New YMCA program aims to keep teens off the streets at night

CMPD is launching a new program to provide a safe alternative for teens.

CHARLOTTE, N.C. – Three locations in Charlotte area offering kids free access to the YMCA in an effort to build relationships between teens and police officers.

When Charlotte Mayor Jennifer Roberts first got into office in 2015 she said, “The whole idea is to raise awareness to begin to coordinate better in filling the gaps for out of school times for our youth."

In 2010 it cost $7,348 every time a teen was arrested.  In 2015 it cost $122,445 to keep a teen in a detention center, according to data from the Charlotte-Mecklenburg Police Department.

More than 1,500 crimes in the Charlotte area, including assaults, rapes, and murder, involve a victim or suspect under 16-years-old.

"If kids are involved in something positive, they can't be involved in something negative at the same time," said Lt. Celestine Ratliffe of the Charlotte-Mecklenburg Police Department.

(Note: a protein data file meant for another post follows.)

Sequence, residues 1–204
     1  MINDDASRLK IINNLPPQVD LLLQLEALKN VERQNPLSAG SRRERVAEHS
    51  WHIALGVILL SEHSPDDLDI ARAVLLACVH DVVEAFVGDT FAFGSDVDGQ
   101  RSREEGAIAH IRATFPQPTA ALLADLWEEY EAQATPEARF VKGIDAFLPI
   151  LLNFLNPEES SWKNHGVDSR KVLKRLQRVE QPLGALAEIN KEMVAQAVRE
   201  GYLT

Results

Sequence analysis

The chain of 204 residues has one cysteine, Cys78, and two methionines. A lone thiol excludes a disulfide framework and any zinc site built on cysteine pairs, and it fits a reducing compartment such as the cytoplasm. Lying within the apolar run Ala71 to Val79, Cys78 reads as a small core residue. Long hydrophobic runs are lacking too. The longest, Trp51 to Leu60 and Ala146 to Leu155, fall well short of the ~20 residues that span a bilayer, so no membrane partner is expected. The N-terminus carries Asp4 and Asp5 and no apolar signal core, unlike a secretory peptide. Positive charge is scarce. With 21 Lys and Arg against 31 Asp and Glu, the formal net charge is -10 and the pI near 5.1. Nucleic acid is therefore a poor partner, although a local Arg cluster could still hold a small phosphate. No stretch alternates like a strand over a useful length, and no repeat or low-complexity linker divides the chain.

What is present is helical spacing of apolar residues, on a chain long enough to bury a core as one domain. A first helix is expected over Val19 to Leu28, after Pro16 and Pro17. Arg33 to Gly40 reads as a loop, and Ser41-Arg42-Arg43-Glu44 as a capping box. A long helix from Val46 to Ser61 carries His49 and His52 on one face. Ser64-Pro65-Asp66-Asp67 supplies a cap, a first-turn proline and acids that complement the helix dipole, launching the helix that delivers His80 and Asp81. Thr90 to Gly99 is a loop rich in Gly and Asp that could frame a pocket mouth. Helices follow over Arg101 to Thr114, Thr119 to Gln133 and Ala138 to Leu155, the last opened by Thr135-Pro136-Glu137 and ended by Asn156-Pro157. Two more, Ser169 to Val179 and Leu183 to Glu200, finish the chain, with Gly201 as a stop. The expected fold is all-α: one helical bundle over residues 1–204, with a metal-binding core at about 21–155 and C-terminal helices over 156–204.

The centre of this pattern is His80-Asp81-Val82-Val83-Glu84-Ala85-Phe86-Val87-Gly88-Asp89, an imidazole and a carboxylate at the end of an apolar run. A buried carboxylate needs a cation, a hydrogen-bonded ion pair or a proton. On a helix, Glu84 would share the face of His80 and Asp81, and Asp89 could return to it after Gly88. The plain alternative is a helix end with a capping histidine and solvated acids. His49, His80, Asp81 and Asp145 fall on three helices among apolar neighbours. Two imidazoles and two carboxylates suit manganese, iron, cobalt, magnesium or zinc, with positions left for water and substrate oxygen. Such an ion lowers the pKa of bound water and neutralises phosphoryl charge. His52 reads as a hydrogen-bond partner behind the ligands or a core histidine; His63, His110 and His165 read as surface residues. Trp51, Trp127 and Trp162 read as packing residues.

A new program called Summer of Opportunity is the perfect outlet.

"We really want to create a safe space for the students,” said Symone McGee, who manages high school initiatives at the YMCA.  “We know our city hasn't been the best on the national scene for relationships with our community and the police department."

Every Friday and Saturday for the next seven weeks three Charlotte YMCA's will open their doors to registered teens ages 13-18 including:

  • Stratford Richardson YMCA in west Charlotte
  • McCrorey Family YMCA in northwest Charlotte
  • Simmons YMCA in east Charlotte

Each night for three hours the kids can chat with Charlotte-Mecklenburg police officers, play basketball, use the pool, the gym, a gaming room, do arts and crafts and eat.  Everything is free.
"I'm here to be a brotherly figure toward everyone," said Quentin Norman, YMCA camp counselor.

Norman is currently a student at Central Piedmont Community College.  He says he can relate to the nearly 1,000 teens joining the summer program and hopes to help guide them on a path for success.

"I don’t know everything, but I do know some things and I can try to use my experience to help someone else," Norman said.

The program still needs more people like Norman.  Anyone interested in volunteering or registering your child click here.

© 2017 WCNC.COM


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